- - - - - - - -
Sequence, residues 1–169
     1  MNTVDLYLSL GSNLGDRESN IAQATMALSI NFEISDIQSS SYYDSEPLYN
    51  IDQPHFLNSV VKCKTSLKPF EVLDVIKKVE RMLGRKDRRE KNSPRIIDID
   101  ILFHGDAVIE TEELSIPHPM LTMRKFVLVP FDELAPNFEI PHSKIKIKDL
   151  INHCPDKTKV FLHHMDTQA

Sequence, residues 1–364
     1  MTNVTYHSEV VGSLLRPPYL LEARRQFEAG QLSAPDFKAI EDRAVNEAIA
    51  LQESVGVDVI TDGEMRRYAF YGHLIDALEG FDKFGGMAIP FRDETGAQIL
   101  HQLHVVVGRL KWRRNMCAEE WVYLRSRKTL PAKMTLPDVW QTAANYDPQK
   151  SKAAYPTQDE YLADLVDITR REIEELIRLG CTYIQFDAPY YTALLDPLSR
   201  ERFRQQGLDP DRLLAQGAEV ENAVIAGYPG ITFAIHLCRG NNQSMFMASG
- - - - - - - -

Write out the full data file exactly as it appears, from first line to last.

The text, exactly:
Sequence, residues 1–169
     1  MNTVDLYLSL GSNLGDRESN IAQATMALSI NFEISDIQSS SYYDSEPLYN
    51  IDQPHFLNSV VKCKTSLKPF EVLDVIKKVE RMLGRKDRRE KNSPRIIDID
   101  ILFHGDAVIE TEELSIPHPM LTMRKFVLVP FDELAPNFEI PHSKIKIKDL
   151  INHCPDKTKV FLHHMDTQA

Sequence, residues 1–364
     1  MTNVTYHSEV VGSLLRPPYL LEARRQFEAG QLSAPDFKAI EDRAVNEAIA
    51  LQESVGVDVI TDGEMRRYAF YGHLIDALEG FDKFGGMAIP FRDETGAQIL
   101  HQLHVVVGRL KWRRNMCAEE WVYLRSRKTL PAKMTLPDVW QTAANYDPQK
   151  SKAAYPTQDE YLADLVDITR REIEELIRLG CTYIQFDAPY YTALLDPLSR
   201  ERFRQQGLDP DRLLAQGAEV ENAVIAGYPG ITFAIHLCRG NNQSMFMASG